Minnesota sex offender lawsuit can proceed as class-action complaint, judge rules

Published July 25, 2012

| FoxNews.com

A lawsuit challenging the constitutionality of the Minnesota Sex Offender Program can move forward as a class-action effort involving more than 600 people who have been indefinitely committed to the program, a federal judge ruled Tuesday.

U.S. District Judge Donovan Frank ruled that the lawsuit meets the legal requirements for a class action. He concluded that addressing each case individually would be an "enormous drain" on legal resources.

The sex offenders who've been committed to the program have all finished their prison sentences, but prosecutors and the courts have deemed them too dangerous to be released without treatment. They're officially considered patients, not prisoners, but they're not free to leave. Until one patient earned a provisional discharge into a halfway house earlier this year, none had been successfully released since the program began in 1994.

Frank wrote that all the offenders in the program face an identical process for treatment and possible release, raise similar allegations about a lack of realistic opportunities for earning their freedom, and have sufficiently similar legal interests for their cases to go forward together.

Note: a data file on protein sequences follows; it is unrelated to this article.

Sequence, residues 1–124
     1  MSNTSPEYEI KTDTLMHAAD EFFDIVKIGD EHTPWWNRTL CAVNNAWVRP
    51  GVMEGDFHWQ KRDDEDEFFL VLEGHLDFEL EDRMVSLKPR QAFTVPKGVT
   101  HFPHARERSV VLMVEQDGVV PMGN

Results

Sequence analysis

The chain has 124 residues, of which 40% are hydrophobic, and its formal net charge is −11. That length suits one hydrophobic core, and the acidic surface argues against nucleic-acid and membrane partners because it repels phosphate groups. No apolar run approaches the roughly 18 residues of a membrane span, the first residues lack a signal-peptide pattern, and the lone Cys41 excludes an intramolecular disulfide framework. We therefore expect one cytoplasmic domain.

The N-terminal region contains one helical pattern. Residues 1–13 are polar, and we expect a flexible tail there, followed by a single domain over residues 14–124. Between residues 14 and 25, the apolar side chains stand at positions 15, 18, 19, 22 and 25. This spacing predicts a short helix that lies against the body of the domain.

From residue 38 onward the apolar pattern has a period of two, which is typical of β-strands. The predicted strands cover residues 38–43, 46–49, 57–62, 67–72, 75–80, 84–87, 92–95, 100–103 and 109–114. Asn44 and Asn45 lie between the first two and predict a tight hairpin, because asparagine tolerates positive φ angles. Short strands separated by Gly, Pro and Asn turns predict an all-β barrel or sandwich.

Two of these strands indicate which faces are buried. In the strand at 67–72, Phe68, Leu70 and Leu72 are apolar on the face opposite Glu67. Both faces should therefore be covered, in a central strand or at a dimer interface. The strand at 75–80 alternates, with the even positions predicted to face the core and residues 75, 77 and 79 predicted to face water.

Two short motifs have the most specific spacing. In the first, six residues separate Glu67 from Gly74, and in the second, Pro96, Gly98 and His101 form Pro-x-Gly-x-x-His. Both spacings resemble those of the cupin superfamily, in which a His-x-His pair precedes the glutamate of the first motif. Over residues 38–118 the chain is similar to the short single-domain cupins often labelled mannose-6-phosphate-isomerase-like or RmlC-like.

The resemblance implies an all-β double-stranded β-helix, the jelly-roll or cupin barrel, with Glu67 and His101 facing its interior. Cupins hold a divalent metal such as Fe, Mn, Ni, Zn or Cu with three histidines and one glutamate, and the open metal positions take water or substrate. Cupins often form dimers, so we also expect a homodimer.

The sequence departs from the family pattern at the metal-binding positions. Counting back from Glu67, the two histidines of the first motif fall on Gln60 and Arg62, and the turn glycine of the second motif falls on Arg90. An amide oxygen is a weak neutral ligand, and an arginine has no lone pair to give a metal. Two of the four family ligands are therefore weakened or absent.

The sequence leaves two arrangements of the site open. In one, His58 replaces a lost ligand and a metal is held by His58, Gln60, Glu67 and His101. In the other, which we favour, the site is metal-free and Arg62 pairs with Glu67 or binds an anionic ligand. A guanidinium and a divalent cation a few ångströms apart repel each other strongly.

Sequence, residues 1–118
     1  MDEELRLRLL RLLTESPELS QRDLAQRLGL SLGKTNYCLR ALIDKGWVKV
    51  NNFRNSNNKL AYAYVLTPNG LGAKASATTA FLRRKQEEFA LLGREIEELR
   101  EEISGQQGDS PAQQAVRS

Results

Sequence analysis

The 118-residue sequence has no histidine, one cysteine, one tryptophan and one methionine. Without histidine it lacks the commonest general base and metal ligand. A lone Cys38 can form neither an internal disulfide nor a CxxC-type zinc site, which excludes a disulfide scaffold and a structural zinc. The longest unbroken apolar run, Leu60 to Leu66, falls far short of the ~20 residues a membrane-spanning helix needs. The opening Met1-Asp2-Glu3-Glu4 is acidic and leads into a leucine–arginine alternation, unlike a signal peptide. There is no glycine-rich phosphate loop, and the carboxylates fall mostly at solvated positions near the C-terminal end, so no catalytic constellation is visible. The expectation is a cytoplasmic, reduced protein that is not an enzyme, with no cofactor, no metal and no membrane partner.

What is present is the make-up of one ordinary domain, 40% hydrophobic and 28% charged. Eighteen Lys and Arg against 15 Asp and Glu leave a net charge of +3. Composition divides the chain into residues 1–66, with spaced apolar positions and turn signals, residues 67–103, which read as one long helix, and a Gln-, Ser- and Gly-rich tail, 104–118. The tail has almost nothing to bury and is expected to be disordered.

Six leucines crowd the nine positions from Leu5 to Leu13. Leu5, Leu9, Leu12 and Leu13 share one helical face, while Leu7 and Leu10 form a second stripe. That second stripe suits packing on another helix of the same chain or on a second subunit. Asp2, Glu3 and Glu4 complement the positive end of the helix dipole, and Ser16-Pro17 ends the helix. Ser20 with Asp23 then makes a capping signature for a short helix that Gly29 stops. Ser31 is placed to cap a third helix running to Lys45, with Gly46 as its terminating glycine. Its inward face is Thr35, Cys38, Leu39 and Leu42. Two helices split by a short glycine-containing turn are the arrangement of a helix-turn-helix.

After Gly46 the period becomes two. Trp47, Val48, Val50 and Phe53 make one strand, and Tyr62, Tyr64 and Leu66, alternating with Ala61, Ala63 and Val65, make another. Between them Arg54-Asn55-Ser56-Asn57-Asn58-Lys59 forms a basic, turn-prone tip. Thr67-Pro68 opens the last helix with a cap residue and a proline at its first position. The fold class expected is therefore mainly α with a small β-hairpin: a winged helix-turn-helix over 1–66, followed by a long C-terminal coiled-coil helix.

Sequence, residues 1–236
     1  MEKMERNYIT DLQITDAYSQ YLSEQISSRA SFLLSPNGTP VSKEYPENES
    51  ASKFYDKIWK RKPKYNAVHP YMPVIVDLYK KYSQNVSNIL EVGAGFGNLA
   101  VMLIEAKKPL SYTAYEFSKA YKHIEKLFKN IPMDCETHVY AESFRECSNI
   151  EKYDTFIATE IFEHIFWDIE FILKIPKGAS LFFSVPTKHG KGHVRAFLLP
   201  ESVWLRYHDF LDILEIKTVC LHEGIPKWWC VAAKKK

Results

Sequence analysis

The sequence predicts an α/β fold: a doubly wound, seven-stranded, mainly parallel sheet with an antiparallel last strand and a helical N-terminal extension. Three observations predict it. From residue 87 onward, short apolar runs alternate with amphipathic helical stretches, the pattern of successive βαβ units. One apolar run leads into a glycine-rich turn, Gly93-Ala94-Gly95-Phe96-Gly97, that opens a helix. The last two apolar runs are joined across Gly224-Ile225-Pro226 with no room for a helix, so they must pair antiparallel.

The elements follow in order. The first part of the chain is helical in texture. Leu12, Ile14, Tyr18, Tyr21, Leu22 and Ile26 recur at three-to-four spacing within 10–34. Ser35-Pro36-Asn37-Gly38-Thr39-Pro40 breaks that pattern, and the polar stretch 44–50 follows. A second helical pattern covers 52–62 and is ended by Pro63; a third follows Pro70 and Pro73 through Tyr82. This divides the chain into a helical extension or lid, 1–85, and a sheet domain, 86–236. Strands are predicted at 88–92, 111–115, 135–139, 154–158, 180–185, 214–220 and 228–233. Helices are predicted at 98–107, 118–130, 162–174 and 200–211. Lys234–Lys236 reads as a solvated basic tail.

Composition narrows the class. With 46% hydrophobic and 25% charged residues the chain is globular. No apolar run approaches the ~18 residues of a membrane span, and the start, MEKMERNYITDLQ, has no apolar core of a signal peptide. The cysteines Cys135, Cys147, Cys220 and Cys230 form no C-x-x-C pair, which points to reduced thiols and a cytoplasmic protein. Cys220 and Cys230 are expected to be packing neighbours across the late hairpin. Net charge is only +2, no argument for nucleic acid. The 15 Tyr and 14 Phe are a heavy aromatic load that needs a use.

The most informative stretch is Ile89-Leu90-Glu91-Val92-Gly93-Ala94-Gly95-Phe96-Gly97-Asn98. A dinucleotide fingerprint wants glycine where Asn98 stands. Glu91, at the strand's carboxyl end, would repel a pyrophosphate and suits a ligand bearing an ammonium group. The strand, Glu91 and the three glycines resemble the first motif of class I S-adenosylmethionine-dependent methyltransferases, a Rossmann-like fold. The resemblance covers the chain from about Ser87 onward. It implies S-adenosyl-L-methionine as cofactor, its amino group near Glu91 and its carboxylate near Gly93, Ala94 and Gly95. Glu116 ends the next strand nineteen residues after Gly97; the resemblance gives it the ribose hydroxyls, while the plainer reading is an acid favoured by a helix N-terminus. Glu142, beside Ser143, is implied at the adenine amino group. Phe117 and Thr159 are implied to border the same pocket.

The lawsuit levels several allegations against the state, including failure to provide adequate treatment. It also challenges the constitutionality of the state's civil commitment statute. While the courts have upheld the constitutionality of the program before, it's been dogged by persistent questions about costs and the lack of anyone being released.

"This lawsuit is saying in general terms that you can't commit people for medical treatment and then close the door forever," Minneapolis attorney Daniel Gustafson, who is representing the plaintiffs, told the Star Tribune. "Whether there's a settlement that can be reached in this case or not remains to be seen. But certainly if there is a settlement, it's going to have to address this notion that being committed under the Minnesota sex offender program is a life sentence."

The Minnesota Sex Offender Program was introduced in 1994, but its population dramatically increased after the 2003 kidnapping, rape and murder of 22-year-old Dru Sjodin, according to the newspaper. Sjodin, a student at the University of North Dakota, was abducted from the parking lot of the Columbia Mall in Grand Forks, N.D., in November 2003. Her body was found in April 2004 just west of Crookston, Minn. 

It was later revealed that Sjodin's killer, Alfonso Rodriguez, Jr., had served only prison time for the stabbing and attempted kidnapping of another woman prior to abducting Sjodin.

Rodriguez has been sentenced to death for killing Sjodin. 

The Associated Press contributed to this report.